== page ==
You can see how she put the principles together: Me – she identified her interest: go back to school. You – she approached her parents with respect and listened to their concern. Together – she saw that the “no” wasn’t from a lack of desire from her parents but from an external obstacle. Build – she proposed a win-win situation. Not every negotiation is about school fees. One girl recounted using the skills to push back against her boyfriend’s demands for sex. Another wrote about negotiation with her sister to exchange child care for hair styling.
Two months after the negotiation training, the girls who participated (“negotiators”) scored much better on an open-ended test of how to find time to study for an exam when a younger brother needed watching. Over the course of the next couple of years, dropout rates were ten percentage points lower for negotiators, and attendance – for girls enrolled in school – was slightly higher. Although some other outcomes – performance in the top quarter on math and English tests and reported pregnancy rates – remained unchanged, an index of all the effects together improves, even when the enrollment effects are excluded. (When interpreting the lack of a pregnancy effect, keep in mind that reported pregnancies in the compaision group are already very low, just 4 percent.) The negotiation skills kept girls in school. Parents reported that negotiators were more likely to ask for more food and did fewer weekday chores; but they also reported that negotiators were more respectful, less likely to give difficulty in doing the chores they had, and more likely to do chores on Fridays – when schoolwork is less pressing.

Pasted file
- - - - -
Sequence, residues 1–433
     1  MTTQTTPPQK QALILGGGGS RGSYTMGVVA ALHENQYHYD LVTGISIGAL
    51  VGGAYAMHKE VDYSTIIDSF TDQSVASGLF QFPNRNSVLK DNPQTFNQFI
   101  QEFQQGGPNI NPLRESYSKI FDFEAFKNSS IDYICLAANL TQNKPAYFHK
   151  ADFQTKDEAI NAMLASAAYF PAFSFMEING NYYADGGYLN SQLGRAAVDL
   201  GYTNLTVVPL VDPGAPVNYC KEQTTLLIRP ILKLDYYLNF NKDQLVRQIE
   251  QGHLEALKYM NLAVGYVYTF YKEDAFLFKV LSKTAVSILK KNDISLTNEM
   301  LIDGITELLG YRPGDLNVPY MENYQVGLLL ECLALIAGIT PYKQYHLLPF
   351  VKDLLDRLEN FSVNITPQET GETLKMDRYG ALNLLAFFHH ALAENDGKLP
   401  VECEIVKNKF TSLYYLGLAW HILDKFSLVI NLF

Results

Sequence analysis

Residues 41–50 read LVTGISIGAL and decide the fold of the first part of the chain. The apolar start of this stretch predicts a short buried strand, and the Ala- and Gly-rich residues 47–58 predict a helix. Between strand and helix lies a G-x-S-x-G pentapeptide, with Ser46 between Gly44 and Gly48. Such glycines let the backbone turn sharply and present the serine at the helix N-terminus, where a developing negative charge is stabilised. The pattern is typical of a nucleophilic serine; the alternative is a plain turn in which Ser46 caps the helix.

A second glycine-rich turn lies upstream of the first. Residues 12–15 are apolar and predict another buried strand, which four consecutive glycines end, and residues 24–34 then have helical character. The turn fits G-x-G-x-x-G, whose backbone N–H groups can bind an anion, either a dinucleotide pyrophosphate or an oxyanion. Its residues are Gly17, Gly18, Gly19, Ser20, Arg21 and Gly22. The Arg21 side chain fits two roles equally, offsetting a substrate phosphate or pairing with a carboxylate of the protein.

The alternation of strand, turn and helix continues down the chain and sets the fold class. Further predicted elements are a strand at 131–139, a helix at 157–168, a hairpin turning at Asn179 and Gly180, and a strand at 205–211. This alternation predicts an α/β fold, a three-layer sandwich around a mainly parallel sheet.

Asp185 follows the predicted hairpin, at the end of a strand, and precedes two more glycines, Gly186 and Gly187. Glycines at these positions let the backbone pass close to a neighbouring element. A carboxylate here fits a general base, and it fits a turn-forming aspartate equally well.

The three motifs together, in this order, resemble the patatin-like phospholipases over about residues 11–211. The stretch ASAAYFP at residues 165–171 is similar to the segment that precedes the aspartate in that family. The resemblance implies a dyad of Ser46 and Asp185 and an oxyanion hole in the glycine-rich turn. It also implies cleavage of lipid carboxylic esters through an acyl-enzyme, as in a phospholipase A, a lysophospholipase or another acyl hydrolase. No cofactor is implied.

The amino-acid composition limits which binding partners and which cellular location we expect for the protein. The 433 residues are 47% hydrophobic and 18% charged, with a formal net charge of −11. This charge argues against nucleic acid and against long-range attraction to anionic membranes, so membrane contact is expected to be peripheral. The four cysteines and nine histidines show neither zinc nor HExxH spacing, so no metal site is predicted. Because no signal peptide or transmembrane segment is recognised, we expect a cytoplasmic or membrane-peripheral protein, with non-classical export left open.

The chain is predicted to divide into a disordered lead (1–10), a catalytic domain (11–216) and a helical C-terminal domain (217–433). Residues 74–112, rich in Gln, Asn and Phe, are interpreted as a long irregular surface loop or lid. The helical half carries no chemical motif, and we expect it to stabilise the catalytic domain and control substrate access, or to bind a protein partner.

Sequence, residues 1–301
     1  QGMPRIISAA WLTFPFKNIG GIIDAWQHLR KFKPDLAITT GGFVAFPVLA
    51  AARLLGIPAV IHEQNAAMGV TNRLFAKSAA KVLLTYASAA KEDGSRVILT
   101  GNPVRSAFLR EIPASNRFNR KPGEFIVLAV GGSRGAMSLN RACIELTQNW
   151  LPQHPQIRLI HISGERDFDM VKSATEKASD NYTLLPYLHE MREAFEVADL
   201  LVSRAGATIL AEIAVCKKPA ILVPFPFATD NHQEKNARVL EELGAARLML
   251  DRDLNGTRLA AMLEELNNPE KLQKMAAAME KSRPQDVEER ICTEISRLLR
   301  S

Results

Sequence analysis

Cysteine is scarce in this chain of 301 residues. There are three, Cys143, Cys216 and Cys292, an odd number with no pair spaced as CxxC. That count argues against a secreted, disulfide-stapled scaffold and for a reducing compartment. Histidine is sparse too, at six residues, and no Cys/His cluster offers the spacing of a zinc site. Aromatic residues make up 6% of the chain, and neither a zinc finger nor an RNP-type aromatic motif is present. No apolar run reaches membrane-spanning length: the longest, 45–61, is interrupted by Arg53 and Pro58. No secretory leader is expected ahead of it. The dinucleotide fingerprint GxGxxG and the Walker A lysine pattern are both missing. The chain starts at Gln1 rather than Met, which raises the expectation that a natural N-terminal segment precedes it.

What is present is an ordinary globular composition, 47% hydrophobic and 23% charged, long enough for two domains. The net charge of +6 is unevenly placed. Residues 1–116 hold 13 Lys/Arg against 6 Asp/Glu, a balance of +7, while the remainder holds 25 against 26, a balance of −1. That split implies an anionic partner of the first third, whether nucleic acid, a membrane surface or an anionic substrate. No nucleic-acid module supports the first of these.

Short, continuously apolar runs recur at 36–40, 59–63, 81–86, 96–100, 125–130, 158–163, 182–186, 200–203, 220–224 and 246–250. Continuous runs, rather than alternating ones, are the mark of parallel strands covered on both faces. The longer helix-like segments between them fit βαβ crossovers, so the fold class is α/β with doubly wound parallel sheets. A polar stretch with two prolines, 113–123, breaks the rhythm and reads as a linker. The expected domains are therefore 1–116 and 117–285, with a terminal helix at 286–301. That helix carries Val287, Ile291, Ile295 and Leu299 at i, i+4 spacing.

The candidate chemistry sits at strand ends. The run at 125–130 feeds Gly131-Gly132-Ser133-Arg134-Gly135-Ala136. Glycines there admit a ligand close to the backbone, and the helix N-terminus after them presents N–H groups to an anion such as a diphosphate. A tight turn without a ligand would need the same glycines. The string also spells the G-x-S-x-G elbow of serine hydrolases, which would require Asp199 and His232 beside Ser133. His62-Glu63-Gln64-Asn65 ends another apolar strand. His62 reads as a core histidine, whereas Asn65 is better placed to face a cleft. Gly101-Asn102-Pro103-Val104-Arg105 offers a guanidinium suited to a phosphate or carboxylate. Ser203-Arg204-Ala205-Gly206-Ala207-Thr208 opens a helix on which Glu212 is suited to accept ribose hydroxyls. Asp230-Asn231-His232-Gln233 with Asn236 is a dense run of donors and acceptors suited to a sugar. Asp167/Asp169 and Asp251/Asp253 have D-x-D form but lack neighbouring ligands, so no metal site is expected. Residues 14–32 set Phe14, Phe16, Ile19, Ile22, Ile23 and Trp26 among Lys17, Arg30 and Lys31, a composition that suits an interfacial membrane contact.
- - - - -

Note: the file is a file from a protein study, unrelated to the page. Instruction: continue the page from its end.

For the girls with the highest language ability at baseline, the effects on enrollment and attendance are even stronger, and performance on an English test also rose.